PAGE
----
NIH launches human RSV study
A new study will expose healthy adult volunteers to respiratory syncytial virus (RSV), a virus that causes cold-like symptoms in adults. Better understanding of how adults develop RSV infection and immune system responses to infection will assist researchers in developing and testing future antivirals and vaccines to combat the virus. The research is being conducted by the National Institute of Allergy and Infectious Diseases (NIAID), part of the National Institutes of Health.
RSV is the most common cause of lower respiratory tract infections—including pneumonia and bronchiolitis mdash—among young children worldwide, according to the U.S. Centers for Disease Control and Prevention.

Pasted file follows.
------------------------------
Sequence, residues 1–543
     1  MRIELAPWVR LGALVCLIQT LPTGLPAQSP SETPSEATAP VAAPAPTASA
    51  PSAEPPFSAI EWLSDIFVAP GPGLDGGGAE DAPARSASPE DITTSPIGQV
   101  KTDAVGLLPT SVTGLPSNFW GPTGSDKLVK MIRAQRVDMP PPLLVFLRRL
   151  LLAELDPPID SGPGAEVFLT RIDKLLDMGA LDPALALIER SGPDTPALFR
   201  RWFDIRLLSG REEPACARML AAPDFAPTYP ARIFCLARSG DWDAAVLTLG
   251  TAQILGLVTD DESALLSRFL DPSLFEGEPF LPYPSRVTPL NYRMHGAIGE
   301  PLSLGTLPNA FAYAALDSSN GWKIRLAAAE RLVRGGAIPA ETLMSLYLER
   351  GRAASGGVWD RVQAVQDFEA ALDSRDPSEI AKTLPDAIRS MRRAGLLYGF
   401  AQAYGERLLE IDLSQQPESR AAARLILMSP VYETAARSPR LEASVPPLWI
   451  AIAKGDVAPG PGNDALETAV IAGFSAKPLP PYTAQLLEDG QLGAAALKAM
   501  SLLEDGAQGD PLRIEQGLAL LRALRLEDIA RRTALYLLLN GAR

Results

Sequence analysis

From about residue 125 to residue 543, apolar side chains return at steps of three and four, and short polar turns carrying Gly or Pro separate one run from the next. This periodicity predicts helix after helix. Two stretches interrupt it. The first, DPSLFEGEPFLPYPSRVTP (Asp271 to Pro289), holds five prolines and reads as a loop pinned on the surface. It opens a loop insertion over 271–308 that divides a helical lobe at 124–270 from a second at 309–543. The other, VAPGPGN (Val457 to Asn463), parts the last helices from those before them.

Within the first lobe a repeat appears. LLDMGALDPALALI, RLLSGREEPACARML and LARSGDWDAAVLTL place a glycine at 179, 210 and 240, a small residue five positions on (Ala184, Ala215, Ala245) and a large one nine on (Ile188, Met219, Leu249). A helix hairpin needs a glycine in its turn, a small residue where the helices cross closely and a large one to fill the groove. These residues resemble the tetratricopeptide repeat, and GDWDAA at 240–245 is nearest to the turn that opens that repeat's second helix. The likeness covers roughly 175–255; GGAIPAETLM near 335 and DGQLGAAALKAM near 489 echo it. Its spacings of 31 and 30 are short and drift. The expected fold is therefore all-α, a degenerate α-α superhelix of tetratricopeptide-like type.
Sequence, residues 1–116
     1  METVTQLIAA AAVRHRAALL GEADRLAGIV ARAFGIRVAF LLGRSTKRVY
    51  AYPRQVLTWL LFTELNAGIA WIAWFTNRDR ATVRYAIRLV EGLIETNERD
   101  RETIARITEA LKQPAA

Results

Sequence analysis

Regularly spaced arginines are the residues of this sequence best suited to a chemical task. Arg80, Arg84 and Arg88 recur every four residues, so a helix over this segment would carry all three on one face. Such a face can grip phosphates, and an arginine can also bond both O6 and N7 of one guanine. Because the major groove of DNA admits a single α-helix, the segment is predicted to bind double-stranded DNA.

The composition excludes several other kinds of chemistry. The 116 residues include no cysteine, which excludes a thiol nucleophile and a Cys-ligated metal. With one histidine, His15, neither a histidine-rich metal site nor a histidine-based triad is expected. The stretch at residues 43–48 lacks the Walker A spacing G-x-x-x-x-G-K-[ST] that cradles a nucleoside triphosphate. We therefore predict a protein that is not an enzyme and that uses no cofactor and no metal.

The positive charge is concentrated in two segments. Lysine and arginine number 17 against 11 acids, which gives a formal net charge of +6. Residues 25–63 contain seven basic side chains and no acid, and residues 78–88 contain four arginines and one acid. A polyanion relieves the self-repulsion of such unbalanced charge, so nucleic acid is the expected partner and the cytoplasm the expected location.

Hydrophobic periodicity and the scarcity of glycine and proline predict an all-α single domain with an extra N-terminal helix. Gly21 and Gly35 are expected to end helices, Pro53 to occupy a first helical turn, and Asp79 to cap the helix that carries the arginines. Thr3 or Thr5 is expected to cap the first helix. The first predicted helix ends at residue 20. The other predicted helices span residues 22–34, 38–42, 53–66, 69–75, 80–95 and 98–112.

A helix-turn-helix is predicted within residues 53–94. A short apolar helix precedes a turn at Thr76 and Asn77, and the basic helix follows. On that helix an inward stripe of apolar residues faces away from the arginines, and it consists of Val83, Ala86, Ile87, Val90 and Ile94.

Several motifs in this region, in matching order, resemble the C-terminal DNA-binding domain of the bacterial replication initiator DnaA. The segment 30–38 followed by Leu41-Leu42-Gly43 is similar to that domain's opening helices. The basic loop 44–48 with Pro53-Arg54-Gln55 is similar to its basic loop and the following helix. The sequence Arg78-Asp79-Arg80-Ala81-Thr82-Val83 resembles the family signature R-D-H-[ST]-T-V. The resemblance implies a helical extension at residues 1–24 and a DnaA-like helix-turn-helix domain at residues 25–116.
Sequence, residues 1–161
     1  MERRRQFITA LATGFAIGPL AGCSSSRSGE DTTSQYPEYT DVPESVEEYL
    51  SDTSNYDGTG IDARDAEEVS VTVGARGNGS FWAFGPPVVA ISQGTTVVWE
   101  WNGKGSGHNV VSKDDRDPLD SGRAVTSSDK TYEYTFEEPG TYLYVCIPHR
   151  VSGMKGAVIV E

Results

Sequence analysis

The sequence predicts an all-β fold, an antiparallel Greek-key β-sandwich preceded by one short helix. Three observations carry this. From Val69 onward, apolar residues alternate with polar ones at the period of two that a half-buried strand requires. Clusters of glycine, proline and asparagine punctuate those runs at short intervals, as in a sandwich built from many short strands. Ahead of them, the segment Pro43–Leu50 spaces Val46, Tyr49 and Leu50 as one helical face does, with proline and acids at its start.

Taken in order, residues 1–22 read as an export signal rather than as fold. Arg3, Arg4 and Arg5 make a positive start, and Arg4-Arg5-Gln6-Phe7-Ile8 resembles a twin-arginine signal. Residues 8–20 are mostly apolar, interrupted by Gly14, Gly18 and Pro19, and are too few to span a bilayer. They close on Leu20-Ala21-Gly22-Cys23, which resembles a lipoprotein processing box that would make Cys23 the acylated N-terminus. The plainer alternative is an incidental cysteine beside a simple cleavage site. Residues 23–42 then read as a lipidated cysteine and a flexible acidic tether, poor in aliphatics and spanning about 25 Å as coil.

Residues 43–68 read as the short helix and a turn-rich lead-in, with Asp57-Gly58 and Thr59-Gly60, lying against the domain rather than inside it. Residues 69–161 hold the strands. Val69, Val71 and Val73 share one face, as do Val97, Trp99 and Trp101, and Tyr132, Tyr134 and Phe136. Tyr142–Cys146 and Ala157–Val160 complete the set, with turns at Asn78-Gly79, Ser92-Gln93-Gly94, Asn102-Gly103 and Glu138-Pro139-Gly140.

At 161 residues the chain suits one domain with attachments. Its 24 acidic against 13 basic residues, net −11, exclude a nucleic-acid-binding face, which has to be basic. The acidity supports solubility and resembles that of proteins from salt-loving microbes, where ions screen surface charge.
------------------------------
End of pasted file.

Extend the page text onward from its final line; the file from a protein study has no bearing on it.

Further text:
The NIAID pilot study, led by Lesia K. Dropulic, M.D., of NIAID’s Laboratory of Infectious Diseases, will enroll up to 60 healthy men and non-pregnant women ages 18 to 50.
NIAID investigators, in collaboration with the Johns Hopkins University School of Public Health, Baltimore, will analyze participant samples to measure levels of virus shedding and immune protection. Participants will be discharged from the Clinical Center once they have two consecutive negative tests for RSV and no symptoms of RSV-associated respiratory tract illness.
The FDA approved the testing of RSV A2 in healthy people, and an independent data and safety monitoring board composed of clinical research experts will closely monitor participant safety throughout the trial.